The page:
Let’s use our polystyrene example again. Polystyrene is a desirable product in the construction industry and so waste polystyrene can actually be an added revenue stream for your company. Organisations are now investing in polystyrene compactors to turn their waste into bricks that can be sold. Without compactors like these, businesses may need to invest a significant amount in the disposal of polystyrene, which can be awkward to pack due to its variation in size.
Like polystyrene, the lifecycle of each waste type needs to be properly investigated so the best outcome can be achieved. It’s important so it’s worth mentioning twice, not everything needs to be taken to landfill. If you generate food waste, why not try and compost that waste? Without compost, a lot of food waste is just ‘wasted’ energy, ending up in landfill to generate CO2.
Small, easy implementations like these help to green a business. They can also help you financially, especially if you’re creating a new revenue stream out of them.
A great example of this is from PepsiCo. In 2009, they developed a new bottle for their bottled water company, Aquafina. The Eco-fina bottle used 50% less plastic than the previous design. On top of that, they removed the cardboard case from the packaging, saving around 20 million pounds of cardboard each year.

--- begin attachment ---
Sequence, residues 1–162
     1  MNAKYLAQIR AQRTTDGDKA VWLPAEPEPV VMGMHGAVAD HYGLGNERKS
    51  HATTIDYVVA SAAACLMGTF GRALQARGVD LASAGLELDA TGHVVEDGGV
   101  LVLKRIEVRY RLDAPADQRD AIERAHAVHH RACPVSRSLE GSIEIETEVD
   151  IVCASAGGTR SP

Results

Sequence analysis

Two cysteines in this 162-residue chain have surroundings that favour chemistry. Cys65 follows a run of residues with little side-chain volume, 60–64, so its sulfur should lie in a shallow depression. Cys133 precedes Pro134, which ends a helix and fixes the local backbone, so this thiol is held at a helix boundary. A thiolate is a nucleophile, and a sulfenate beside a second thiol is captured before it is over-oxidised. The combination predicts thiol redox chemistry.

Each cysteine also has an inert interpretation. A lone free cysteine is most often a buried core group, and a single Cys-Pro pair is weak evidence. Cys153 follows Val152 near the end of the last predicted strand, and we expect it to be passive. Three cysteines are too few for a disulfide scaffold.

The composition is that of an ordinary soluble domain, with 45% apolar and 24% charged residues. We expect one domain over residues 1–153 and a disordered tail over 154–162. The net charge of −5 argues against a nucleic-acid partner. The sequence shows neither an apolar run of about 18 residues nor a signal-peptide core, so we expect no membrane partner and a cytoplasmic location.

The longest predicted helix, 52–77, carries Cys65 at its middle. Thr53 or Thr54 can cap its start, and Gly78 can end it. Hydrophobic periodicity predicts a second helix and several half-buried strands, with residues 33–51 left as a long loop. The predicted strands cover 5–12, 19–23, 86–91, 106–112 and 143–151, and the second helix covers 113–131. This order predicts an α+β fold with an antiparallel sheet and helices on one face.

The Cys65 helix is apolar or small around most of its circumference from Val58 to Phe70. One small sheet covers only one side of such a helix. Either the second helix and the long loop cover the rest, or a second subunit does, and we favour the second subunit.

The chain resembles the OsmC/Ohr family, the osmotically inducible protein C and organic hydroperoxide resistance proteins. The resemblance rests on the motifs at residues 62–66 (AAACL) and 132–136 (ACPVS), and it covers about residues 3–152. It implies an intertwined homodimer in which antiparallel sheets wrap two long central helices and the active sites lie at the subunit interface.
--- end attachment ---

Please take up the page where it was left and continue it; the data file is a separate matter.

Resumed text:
As they changed their designs and packaging, their waste lowered. So too did the costs of raw materials. 10 years later, they announced the bottles would be swapped for aluminium cans. This is seen as an even better move towards lower waste, as in the US, the recycling rate for cans is 68%, compared to just 3% for plastic bottles.
Businesses in the UK can mirror this by engaging their stakeholders, from suppliers to customers, to get on board with improved waste management efforts. Achieving zero waste within a business can be done in many ways, such as removing unnecessary materials from the product’s lifecycle to changing used materials to ones that are more easily recycled.
Zero waste management comes under the wider remit of effective waste management in general. You’ve seen tips on how it can be done and you’ve seen examples of what some of the biggest global businesses are doing - but what can smaller businesses do? For a great example of successful waste management improvements, download our case study.
Waste Management Success for A Leading Auction House Network
We helped one of the UK’s leading auction house networks implement a much-improved waste management system for their site. Inside the study, you’ll be able to see what their previous waste management policy was like, what they needed from a new one and how we helped them to achieve effective waste management solutions.